March 27, 2013, - 12:01 pm
The continued acceptance of gay marriage isn’t the only sign that America is losing the culture and religious wars. The growing number of former churches (most of them Catholic) being turned into condos is another. I’ve already noted that several Catholic churches and former convents and nunneries in the Detroit area have been bought by Muslims and converted into mosques. That’s sad. Also sad are the growing numbers of churches across America which go out of business and are converted to dwellings. The Wall Street Journal, last year, lauded this “architectural development” as a high brow lifestyle move. But it is, instead, a stark, sad sign of the defeat of Western religion and Western society. On top of being completely disrespectful, it’s tragic.
Is Your Church Now Someone’s Living Room . . .
While much of the buzz surrounding the new Pope has died down, there are many cultural signs beyond the statistics that illuminate the challenges he faces as Catholicism dies out in places like the United States. I mentioned that when he was Cardinal in Argentina, the country’s active Catholic population shrank to below 20% (Argentina has a 94% Catholic population, but less than 20% are actually religious now, and the rest are lapsed) while its Muslim population doubled. We’ve seen a similar trend in America, and it is largely mirrored throughout the Western world. And the conversion of churches to homes across not only the U.S., but also the Western world is a stark reminder of it. Ask yourself how many mosques you’ve seen close up shop and be converted into condos in America or the UK. I bet you can think of few, if any, examples. And that’s the point here. Western religions are dying while Islam grows and we do nothing to stop the Islamic threat.
While the number of mosques in America has doubled since 9/11, the number of Catholic churches that have closed since then in America is in the thousands and there has been about a 10% shrinkage in the number of Catholic churches in America since the attacks. And that’s just Catholic churches. Other churches are seeing similar numbers, and they are all shrinking, and the number of synagogues is also decreasing. Some synagogues are also being converted to homes, even though it’s technically against Jewish law. You just don’t see this with mosques because, sadly, Islam is winning the war of the minds. You don’t have to play chess to understand that the rest of us are losing the long-term match.
[There are] a number of church-to-home luxury conversions popping up around the country. As dozens of churches close or move to different quarters each year, they’re finding second lives as condo developments and townhouses.
The conversion process is growing more common as shrinking congregations and shifting demographics have made it difficult for some congregations to stay afloat financially. According to a March report from CoStar Group, a real-estate research firm, 138 church-owned properties across the country were sold by banks last year, compared with 24 three years earlier.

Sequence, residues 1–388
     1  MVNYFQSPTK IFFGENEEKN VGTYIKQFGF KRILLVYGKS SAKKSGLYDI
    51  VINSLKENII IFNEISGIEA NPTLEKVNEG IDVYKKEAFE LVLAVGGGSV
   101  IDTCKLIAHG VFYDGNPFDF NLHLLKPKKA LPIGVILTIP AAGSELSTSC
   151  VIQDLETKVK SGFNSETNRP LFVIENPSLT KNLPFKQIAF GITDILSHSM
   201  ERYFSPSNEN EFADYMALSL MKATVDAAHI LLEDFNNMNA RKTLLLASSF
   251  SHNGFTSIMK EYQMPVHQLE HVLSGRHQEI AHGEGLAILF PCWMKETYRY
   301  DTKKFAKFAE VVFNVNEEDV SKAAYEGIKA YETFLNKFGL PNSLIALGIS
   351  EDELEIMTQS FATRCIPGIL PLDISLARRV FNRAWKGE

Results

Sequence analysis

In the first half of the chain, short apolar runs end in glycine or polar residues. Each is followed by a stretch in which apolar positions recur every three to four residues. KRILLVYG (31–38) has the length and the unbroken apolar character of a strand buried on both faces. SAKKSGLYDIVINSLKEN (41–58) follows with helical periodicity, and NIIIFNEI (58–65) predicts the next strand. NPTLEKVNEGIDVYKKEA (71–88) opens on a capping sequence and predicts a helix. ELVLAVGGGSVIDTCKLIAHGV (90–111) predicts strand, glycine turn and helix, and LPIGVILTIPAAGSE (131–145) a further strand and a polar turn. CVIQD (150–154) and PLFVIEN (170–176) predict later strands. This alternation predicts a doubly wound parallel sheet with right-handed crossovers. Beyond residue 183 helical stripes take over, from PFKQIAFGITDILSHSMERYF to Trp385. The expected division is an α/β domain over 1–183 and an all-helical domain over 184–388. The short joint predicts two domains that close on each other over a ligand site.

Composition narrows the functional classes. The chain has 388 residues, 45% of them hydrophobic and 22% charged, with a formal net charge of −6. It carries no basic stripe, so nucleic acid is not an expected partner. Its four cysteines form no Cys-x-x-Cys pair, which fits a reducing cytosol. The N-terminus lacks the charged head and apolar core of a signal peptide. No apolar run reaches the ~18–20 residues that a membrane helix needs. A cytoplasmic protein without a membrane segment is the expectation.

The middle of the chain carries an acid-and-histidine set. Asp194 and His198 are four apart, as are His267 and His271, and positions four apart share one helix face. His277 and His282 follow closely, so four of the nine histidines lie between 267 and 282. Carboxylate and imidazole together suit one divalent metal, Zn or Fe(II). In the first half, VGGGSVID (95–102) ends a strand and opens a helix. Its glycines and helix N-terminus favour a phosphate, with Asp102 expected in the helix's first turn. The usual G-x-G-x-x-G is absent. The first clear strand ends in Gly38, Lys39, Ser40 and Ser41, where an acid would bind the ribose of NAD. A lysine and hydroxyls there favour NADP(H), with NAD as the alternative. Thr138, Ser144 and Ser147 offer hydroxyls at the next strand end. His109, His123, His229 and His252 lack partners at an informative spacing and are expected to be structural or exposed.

Synagogue Now Someone’s Pad . . .
The Roman Catholic Church, for example, has closed hundreds of churches in recent years. In 2000, there were 19,236 Roman Catholic parishes across the U.S.; that figure fell to 17,644 by 2012, according to the Center for Applied Research in the Apostolate, a nonprofit research organization that compiles church statistics. United Methodists have seen the number of churches shrink by about 7% over the past decade or so, with 300 to 400 churches closing or merging each year. In 2000, United Methodists had 35,537 churches, compared with 33,069 in 2011. . . .
In the Boston area, more than a dozen churches have been converted to residential projects over the past decade or so. That’s in part because there has been a steady supply. The Archdiocese of Boston closed 76 parishes in the metro area under a 2004 consolidation plan, selling 38 of those for just over $73 million. (To signify that a church is no longer a church, the archbishop signs a decree that relegates the building to “profane use.”)
One of the churches closed was a Tudor-style church called St. Aidan’s in Brookline, Mass., where John F. Kennedy and Robert Kennedy were both baptized. It reopened in 2009 as a residential project. . . .
The adaptive reuse of churches has become a popular practice in other countries, like the U.K. In 2006, the Royal Institution of Chartered Surveyors found that since 2001, about 500 churches in London alone had been converted into homes.
Say good-bye, America and Europe. We won’t see it our lifetime, but a few generations from now it won’t just be the end of the church (and synagogue) and the embrace of gay marriage in Western civilization that will do us in. It will be that the religion whose houses of worship are only growing in number (instead of being converted into upscale places to live)–Islam–will fill the void.
That’s already happening. While we are asleep at the switch, dismantling Western civilization at the Supreme Court . . . and the skyline of your city. In the war of architecture, just as in the spiritual war, we are losing.
And guess who’s having the last laugh?
Tags: Christianity, Christians, Church to Home Conversions, churches, Churches converted to homes, Islam, Islamic threat, Jews, Judaism, mosques, shrinking number of churches, Synagogue to Home Conversions, Synagogues, Synagogues converted to homes